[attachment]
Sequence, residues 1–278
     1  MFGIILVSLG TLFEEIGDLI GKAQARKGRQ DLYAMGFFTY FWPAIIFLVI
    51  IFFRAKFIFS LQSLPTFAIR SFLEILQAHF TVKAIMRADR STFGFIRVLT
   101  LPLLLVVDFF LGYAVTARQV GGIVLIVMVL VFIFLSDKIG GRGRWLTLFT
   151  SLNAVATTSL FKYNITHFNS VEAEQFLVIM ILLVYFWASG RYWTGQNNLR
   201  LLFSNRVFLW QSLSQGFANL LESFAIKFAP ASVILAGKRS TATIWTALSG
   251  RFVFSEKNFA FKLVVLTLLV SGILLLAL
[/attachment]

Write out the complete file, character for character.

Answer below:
Sequence, residues 1–278
     1  MFGIILVSLG TLFEEIGDLI GKAQARKGRQ DLYAMGFFTY FWPAIIFLVI
    51  IFFRAKFIFS LQSLPTFAIR SFLEILQAHF TVKAIMRADR STFGFIRVLT
   101  LPLLLVVDFF LGYAVTARQV GGIVLIVMVL VFIFLSDKIG GRGRWLTLFT
   151  SLNAVATTSL FKYNITHFNS VEAEQFLVIM ILLVYFWASG RYWTGQNNLR
   201  LLFSNRVFLW QSLSQGFANL LESFAIKFAP ASVILAGKRS TATIWTALSG
   251  RFVFSEKNFA FKLVVLTLLV SGILLLAL